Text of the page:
w. s. di piero on prose and poetry.
Prose has a formal spaciousness and operates in an interrogative mood. It’s saner than poetry, and those who think poetry’s derangements are a corrupt or juvenile or self-dramatizing belief are welcome to their measured rationalism. The orders of poetry clarify, enhance, and preserve the disorders of experience. There are voices at my shoulder when I’m writing poems; when I write prose I’m talking back at those voices. Few intellectual pleasures match the satisfaction of becoming lost or disoriented in a passage of prose and trying to understand, in the process of writing, how I got there, then finally finding my way out. Prose is the act of writing toward an understanding. I don’t write poetry to find understanding, or map out its process: understanding is beside the point—the point being expressiveness, the stretched sustained appeal or prayer or shout that a poem can be. Poetry is an act of beseeching, even when it’s asking for nothing at all: it presents as beseeching. I ask of my poems, ‘What do you want of me, from me?’ or ‘Leave me alone a moment’ or ‘What can I offer you?’ Poetry asks the same of me. It’s an entity greater than my own minor being. Prose marks or draws or narrates the extension and limits of my being. Of the two, prose is a better citizen.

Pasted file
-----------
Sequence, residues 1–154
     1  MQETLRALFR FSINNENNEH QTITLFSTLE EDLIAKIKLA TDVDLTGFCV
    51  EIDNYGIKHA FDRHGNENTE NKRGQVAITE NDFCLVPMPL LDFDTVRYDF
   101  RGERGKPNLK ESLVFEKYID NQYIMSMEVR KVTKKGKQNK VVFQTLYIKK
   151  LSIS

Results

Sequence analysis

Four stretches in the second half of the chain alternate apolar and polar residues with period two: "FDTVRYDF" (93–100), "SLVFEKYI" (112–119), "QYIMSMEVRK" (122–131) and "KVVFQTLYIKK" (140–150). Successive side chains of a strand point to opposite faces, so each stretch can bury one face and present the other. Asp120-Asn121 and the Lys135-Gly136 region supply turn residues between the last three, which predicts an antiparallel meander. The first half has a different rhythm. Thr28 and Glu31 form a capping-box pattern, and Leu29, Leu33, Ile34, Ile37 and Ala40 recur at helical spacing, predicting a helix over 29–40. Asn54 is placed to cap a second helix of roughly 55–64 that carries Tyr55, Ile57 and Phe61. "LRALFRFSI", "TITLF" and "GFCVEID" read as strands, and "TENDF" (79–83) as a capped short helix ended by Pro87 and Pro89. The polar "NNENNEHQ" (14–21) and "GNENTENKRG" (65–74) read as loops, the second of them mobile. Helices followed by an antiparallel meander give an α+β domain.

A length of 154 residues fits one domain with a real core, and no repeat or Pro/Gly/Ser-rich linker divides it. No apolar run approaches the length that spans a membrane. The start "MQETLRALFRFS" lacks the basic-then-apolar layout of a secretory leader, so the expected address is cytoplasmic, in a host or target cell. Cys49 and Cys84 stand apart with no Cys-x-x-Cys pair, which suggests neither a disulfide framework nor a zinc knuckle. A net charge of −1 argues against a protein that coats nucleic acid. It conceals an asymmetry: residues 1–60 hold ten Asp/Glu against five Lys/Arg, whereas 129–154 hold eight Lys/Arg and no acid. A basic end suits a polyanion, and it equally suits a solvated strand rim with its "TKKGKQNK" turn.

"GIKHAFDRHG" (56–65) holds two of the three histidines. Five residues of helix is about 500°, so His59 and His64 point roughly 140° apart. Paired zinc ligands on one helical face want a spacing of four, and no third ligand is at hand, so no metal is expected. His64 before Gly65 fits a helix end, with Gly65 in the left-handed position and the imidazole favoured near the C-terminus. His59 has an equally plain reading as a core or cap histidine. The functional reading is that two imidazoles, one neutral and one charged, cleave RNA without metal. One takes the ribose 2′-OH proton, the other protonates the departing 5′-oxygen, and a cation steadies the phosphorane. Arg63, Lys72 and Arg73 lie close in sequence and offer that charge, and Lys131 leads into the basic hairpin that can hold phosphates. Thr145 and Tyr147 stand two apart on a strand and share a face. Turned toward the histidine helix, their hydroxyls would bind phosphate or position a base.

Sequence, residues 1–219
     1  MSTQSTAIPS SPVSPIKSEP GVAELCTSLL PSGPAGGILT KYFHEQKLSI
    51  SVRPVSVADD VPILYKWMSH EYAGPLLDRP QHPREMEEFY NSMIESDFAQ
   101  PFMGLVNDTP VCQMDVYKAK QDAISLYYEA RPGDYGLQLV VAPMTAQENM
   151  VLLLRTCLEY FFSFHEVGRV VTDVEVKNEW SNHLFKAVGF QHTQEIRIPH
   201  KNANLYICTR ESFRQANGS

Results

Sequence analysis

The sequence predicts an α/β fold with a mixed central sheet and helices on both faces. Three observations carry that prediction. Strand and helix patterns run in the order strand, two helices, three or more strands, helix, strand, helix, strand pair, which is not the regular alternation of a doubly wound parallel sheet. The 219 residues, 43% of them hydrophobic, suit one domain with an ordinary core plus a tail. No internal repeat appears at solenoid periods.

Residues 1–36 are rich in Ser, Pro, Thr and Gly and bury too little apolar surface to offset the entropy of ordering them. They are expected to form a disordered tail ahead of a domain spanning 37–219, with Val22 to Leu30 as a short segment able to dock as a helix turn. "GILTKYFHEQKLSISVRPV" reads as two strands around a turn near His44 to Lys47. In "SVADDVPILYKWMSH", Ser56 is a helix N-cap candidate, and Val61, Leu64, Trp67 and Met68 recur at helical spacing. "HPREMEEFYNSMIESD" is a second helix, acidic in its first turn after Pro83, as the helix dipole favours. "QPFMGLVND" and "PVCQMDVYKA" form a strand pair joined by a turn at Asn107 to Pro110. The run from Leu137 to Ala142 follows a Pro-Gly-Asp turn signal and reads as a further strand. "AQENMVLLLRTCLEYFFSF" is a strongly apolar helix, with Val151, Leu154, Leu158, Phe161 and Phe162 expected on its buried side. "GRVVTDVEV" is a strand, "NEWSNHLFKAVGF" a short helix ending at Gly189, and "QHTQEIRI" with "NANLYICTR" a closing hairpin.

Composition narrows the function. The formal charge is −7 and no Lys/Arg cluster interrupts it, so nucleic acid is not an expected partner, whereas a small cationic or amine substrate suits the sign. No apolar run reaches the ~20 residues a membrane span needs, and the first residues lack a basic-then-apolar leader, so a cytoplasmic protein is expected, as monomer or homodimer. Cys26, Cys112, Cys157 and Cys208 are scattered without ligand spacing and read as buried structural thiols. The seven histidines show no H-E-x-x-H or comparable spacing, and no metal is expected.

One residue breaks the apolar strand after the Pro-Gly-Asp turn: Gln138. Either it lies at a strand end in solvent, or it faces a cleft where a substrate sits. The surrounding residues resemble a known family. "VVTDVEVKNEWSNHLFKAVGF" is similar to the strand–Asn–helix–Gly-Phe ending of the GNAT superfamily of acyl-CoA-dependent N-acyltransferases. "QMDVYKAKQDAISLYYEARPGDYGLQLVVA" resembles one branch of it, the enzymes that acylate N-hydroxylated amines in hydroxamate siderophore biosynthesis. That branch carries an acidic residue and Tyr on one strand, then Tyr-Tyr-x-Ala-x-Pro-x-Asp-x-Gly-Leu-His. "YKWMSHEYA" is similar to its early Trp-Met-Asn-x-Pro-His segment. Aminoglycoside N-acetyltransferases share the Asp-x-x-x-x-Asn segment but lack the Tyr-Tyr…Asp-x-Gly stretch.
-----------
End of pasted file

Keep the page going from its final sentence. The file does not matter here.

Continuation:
— W.S. Di Piero, Threepenny Review, Spring 2019